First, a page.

Vilma Navarro‑Daniels named distinguished professor
By Adriana Aumen, College of Arts and Sciences
PULLMAN, Wash. – Recognizing her international reputation in service to language and culture studies, the College of Arts and Sciences named Vilma Navarro‑Daniels recipient of the Marianna Merritt and Donald S. Matteson Distinguished Professorship in Foreign Languages and Cultures.
The professorship provides additional funds that Navarro‑Daniels, an associate professor in the School of Languages, Cultures and Race (SLCR), can use to support her innovative teaching and research.
The Mattesons are both former longtime WSU faculty members. Marianna taught Spanish and chaired foreign languages for several years, and Don was a professor of chemistry from 1958 to 2012.
They created the endowment to enhance faculty research, particularly by enabling them to travel to places where the languages they teach are spoken. These opportunities help faculty deepen their connections to the cultural contexts and allow them to “gain new and important experiences that will benefit students.”
“Professor Navarro‑Daniels is a prolific scholar whose international recognition and prominence continue to rise, and the Matteson award, with its encouragement of international travel and engagement, is aiding this endeavor,” said Carmen Lugo‑Lugo, SLCR director.
In the last few months, Navarro‑Daniels has traveled to Spain, Chicago and Chile to deliver invited talks about her work, Lugo‑Lugo said. “Her literary analyses have been published in Canada, the U.S., Chile, Puerto Rico and Spain, among other places, and she has a number of articles coming out in prominent international journals and collections,” she said.
“The Matteson professorship is a huge motivation,” Navarro‑Daniels said. “It’s recognition — someone telling you that you’re doing something well — and resources to help achieve your goals.”
She plans to use the funds to advance three distinct projects — one a unique research and education collaboration with colleagues at Universidad Metropolitana de Ciencias de la Educación (UMCE) in Santiago, Chile, and the others focused on her independent research into Spanish and Chilean literature, film and popular culture products.
The UMCE‑affiliated project is transregional and interdisciplinary, connecting classical studies, philosophy, social sciences and literary and film studies. It takes a multipronged approach to examine the ways Latin American and Spanish literature and film employ classical myths to question and undermine predominant views about race and ethnicity, gender, social classes and government.
The project includes a teaching–learning component to benefit scholars from WSU and UMCE, and utilizes international online student-group discussions “to help prepare our students to enter global society confidently and capably,” she said.
The Matteson Professorship will expand Navarro‑Daniels’ capabilities and reach by offsetting costs related to her broader work, such as airfare and conference fees. “It will help bring international visibility to WSU and what we’re doing here and in our new school,” she said.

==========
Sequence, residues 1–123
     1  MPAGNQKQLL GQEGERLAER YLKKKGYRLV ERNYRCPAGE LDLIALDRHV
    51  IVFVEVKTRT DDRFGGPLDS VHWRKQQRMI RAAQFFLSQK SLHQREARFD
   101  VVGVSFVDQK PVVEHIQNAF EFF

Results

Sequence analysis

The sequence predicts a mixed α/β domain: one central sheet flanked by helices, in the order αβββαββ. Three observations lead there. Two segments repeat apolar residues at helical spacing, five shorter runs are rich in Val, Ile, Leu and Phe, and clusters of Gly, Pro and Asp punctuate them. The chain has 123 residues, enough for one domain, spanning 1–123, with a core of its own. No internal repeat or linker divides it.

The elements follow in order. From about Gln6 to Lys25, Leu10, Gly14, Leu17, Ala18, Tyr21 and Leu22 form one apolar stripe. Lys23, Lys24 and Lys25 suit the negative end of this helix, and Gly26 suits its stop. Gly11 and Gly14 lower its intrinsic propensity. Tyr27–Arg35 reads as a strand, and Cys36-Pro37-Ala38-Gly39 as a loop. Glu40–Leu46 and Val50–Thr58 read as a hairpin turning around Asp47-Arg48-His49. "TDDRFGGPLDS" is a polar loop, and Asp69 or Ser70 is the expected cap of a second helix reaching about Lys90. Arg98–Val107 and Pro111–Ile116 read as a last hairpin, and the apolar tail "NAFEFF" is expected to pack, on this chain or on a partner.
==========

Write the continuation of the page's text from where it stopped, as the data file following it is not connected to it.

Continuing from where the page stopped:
The SLCR was launched in July through an academic realignment of departments and programs within the College of Arts and Sciences.
“It will also make possible something that never crossed my mind before,” she said. “I’m able to hire a graduate student to teach my courses when I’m away. In addition to freeing up my time, it’s an opportunity for a graduate student to gain valuable teaching experience in content courses instead of the usual vocabulary and grammar — a rare opportunity, both challenging and motivating for any graduate student.”
“I’m so grateful to Marianna and Don Matteson. It’s all possible because of them,” Navarro‑Daniels said. “And being in something of a privileged situation makes me feel even more committed to achieving my goals.”
Internationally recognized for her wealth of scholarly research, Navarro‑Daniels is renowned across WSU, as well, for her exemplary teaching, mentoring, outreach, and service in support of students and the broader academic community.
She is among the SLCR’s most productive faculty, teaching innovative undergraduate and graduate courses in Latin American and Peninsular Spanish literature film studies and serving on multiple committees to advance the school, college, and University—all while maintaining a strong research and publishing agenda.
She has authored numerous journal articles and book chapters and presented at conferences across the United States and abroad. Her research interests bridge the different fields in which she holds a degree: literature and film studies, social sciences, philosophy, and pedagogy. Her expertise in these fields also deeply informs her teaching.
She is currently vice president of the International Association of Gender and Sexuality Studies and a member of the editorial boards of two peer-reviewed journals: “Letras Hispanas,” published by Texas State University; and “Contextos: Estudios de Humanidades y Ciencias Sociales,” published by UMCE.